Skip to main content
Industrial Research And Consultancy Centre
City garden as wastewater treatment plant
City garden as wastewater treatment plant

In the vicinity of IIT Bombay campus lies Powai lake, known for its varied flora and fauna. But over the years in recent past, the lake has undergone enormous eutrophication (algal bloom) due to reckless discharge of untreated domestic effluents into the lake. This pathetic sight of a dirty lake is an eye sore for the public besides the slow decay of the lake. Hence, in order to find an effective remediation, our group along in collaboration with Prof. Yen Wah Tong from National University of Singapore is working to check water pollution in urban localities using green algae. Conical flasks and cylindrical reactors are being used to grow green algae for treatment of municipal wastewater.

We have isolated indigenous algae consortium from Powai lake (Mumbai) to develop in-house biological method of treating domestic effluents. The main focus of the research is to use algae for consuming nitrogen (in form of ammonia/ nitrate) and phosphorus from the domestic discharge. Green algae utilise nutrients load as their food from wastewater in presence of visible light by the process of photosynthesis and produce oxygen thereby treating wastes. Algal systems can achieve phosphorus limit even below 1 ppm which otherwise is an unrealistic target for conventional wastewater treatment plants operated with bacterial systems. Algal processes create alkaline condition and thereby suppress coliform bacteria. We are also hopeful of various other benefits and outcomes from this project like uptake of carbon dioxide (from flue gas) by the algae and use of dried algae harvest as bio-fertiliser. We claim that this approach which can be integrated with city gardens is eco-friendly and sustainable in the long run.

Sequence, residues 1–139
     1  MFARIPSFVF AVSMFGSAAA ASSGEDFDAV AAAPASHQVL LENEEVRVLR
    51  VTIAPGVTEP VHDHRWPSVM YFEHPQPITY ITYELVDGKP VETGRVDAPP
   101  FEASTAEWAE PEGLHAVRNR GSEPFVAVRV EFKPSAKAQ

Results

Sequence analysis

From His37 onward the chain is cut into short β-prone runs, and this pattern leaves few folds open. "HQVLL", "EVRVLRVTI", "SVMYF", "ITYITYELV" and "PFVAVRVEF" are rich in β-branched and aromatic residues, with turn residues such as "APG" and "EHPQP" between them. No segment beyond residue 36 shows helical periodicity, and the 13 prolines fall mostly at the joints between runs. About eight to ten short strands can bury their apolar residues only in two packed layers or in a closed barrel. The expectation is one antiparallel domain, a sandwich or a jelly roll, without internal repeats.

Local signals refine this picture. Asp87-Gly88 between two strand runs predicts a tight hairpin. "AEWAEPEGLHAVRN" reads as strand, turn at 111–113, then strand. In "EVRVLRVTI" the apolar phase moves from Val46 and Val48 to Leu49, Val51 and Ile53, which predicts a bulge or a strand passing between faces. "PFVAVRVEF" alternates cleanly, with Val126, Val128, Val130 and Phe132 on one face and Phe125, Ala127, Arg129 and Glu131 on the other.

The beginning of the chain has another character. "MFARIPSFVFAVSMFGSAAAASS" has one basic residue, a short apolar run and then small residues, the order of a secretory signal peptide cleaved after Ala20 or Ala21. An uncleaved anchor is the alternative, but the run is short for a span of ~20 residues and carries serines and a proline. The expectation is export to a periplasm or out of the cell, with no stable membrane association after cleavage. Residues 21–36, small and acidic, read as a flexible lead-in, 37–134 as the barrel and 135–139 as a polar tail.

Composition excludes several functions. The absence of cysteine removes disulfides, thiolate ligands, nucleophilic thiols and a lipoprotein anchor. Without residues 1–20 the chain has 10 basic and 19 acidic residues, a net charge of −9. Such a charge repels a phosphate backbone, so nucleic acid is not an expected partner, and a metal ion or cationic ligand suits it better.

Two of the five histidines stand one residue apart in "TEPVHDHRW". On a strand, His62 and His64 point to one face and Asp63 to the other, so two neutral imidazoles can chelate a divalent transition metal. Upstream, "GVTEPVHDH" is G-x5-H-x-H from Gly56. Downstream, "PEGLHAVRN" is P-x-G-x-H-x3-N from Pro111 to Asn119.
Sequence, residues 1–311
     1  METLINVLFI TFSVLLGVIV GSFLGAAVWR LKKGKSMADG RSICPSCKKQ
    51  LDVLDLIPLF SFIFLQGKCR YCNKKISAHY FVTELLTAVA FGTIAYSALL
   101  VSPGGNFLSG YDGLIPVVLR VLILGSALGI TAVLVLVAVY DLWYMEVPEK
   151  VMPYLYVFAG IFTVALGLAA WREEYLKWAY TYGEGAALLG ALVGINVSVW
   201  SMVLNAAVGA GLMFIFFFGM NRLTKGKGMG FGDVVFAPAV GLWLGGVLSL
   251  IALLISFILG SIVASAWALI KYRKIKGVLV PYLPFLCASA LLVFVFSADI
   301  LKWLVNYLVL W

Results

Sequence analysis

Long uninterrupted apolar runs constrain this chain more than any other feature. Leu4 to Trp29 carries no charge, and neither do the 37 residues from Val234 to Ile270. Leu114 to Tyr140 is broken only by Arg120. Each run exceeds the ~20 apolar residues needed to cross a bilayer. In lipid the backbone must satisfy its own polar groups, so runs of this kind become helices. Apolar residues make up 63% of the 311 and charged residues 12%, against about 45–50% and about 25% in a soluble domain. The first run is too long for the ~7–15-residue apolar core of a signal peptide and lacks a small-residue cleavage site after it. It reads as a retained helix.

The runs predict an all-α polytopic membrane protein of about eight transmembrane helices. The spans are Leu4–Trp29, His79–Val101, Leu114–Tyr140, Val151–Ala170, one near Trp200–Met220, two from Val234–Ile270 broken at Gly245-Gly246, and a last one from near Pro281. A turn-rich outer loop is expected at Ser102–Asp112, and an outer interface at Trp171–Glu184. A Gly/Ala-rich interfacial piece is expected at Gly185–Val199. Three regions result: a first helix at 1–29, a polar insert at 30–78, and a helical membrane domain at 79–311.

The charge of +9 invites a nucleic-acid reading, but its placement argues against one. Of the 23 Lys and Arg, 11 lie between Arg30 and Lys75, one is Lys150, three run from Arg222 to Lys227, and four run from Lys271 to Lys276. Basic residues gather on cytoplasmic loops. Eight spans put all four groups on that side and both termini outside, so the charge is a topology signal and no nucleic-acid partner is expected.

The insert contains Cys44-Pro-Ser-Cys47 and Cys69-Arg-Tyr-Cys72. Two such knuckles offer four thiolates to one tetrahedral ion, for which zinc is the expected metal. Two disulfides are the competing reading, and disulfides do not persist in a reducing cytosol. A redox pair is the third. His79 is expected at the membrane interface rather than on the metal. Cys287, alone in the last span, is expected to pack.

Prof. A K Dikshit


Office of Dean(R&D)

2nd floor, Rahul Bajaj Technology Innovation Centre (RBTIC),

Opp. VMCC, IIT Bombay, Powai

Mumbai, Maharashtra-400076

91-22-2576 7039/5931